# Approaches of Dynamic Programming

In this lesson, we will continue our discussion on dynamic programming and see some approaches within dynamic programming.

## We'll cover the following

We saw in the last lesson how dynamic programming can be described as solving problems that depend on subproblems to find an optimal solution. There are two basic approaches to solve a problem using dynamic programming. These approaches differ from each other in the way they start solving a problem. In the **bottom-up** approach, we start from the most basic unit (sub-problem) and then build-up to the solution. Whereas, in the **top-down** approach, we start from the problem and build and use smaller components(sub-problem) as needed. Let’s see each of these individually in an abstract sense.

## Bottom-up approach

The basic idea of the bottom-up approach is to start by constructing the smallest units first and then use those small units to build bigger and bigger units. Let’s take the example, suppose you are hired by a construction company to construct a building. There are two ways you might go about doing this task. You might want to start off by constructing the smallest unit which would be a room in this case. Then replicating multiple rooms to construct a floor, and then finally stacking multiple floors to make a building. Take a look at the visualization below.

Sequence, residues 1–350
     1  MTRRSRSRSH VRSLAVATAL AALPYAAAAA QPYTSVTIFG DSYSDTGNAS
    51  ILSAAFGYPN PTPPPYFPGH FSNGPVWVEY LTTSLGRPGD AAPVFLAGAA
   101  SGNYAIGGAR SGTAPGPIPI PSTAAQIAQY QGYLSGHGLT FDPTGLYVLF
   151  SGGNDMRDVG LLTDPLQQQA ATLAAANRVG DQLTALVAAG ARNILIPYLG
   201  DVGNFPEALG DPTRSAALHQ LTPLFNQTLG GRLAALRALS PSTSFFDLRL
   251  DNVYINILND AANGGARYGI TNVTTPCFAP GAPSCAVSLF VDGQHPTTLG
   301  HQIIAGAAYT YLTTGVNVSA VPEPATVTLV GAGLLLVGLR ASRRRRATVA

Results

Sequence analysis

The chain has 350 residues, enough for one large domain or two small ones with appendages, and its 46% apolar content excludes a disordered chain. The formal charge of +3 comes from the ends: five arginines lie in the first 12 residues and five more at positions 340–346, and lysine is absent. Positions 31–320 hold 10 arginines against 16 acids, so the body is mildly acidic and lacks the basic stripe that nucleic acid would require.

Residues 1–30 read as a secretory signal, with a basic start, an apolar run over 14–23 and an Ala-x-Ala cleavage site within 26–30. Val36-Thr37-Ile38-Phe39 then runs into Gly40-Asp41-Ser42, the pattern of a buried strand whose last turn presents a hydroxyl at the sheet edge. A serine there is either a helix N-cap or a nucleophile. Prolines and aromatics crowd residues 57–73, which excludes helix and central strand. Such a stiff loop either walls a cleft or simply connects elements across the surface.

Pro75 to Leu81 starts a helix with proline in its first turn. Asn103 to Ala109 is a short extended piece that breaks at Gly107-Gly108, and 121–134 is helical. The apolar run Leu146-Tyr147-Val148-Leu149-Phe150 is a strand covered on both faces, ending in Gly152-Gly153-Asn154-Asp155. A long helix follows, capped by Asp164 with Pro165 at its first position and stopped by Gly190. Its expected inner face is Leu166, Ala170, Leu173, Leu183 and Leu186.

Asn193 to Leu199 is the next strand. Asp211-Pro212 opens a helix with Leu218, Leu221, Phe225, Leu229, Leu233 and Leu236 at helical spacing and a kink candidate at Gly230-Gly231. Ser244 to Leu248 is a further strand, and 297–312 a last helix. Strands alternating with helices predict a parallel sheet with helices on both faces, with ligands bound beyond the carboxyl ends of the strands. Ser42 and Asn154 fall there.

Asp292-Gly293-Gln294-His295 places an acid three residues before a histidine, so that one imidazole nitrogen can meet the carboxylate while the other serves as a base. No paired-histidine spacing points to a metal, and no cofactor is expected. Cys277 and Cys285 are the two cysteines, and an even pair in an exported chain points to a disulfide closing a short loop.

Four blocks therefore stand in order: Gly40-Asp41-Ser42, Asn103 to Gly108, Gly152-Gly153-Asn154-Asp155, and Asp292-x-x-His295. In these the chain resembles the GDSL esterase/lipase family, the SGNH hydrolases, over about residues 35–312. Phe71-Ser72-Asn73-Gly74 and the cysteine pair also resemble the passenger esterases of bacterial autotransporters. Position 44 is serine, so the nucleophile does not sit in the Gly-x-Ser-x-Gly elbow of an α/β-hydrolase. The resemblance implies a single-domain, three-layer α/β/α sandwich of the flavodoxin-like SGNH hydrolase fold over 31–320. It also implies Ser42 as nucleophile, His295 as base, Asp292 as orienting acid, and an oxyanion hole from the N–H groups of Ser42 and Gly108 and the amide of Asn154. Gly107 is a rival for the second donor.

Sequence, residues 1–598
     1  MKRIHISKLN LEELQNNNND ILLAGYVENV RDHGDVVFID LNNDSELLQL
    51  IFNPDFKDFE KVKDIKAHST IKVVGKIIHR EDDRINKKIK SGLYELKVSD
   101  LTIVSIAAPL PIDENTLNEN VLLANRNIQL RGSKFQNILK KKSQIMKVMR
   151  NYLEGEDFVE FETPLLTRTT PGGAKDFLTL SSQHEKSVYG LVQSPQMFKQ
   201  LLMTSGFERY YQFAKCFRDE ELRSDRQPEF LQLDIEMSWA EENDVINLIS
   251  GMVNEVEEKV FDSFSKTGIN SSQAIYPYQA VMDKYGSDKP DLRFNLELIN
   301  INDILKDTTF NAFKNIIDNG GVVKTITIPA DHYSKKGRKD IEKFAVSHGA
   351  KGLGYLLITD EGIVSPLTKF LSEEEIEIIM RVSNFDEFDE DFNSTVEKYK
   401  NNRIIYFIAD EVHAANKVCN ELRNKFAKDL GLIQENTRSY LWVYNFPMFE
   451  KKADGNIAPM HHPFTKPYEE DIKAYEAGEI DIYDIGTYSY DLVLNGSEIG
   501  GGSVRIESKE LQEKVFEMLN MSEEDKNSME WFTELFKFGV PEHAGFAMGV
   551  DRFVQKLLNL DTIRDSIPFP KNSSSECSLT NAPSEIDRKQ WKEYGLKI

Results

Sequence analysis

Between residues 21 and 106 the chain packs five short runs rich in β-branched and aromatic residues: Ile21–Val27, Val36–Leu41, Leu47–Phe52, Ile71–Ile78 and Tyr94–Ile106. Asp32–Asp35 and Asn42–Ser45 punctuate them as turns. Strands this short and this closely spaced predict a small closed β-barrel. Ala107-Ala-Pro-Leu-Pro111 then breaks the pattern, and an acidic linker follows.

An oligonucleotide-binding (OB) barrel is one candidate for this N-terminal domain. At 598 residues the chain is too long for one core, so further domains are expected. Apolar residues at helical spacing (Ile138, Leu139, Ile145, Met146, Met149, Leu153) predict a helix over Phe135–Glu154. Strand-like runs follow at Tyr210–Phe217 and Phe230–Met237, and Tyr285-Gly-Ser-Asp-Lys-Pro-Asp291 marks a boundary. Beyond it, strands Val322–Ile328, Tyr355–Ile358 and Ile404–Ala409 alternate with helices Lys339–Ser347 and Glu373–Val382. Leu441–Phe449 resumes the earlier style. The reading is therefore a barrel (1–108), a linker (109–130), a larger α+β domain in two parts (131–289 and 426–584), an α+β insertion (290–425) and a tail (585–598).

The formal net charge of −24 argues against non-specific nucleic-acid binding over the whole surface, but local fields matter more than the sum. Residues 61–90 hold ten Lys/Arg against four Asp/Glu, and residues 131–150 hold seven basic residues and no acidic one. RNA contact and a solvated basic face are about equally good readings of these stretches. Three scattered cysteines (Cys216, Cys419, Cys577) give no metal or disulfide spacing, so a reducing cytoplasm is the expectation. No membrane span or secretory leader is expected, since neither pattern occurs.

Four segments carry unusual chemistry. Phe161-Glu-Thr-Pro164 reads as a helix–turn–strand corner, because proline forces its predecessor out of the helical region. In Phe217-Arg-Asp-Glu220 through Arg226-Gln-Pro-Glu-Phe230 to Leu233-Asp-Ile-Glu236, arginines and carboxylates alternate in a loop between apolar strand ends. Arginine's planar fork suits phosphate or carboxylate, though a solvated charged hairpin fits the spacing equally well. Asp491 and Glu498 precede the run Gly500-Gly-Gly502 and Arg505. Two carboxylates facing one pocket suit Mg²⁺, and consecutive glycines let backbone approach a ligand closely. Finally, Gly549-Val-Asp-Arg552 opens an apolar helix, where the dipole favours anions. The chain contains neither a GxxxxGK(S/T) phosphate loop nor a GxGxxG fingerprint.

See how you started from the **bottom** with the most basic thing, a room, and constructed it **up** to your final output, a building. This is exactly how the bottom-up approach works. If you have a problem that depends on multiple subproblems, don’t touch the main problem at all. Start from the most basic subproblem, find its answer, store it, and reuse it to construct answers for bigger and bigger subproblems until you find the answer to your main problem.

## Top-down approach

The other way you can construct the building is to build a hollow building. Then make divisions for the floors and finally build rooms on each floor. Look at the following visualization for a better understanding.

Notice how you started this time from the **top**, i.e., by constructing the structure of the building and then constructed it **down** with the most basic units, i.e., rooms.

This is what you have been doing so far with recursion. You start off at the top with a bigger problem, make a recursive call to subproblems and that recursion goes down until you reach your base cases. Recursion is essentially the top-down approach. In the top-down dynamic programming approach, you evaluate something as it is needed and then you can store it and reuse it when needed again.

In the next lesson, we will see what kinds of problems benefit from dynamic programming.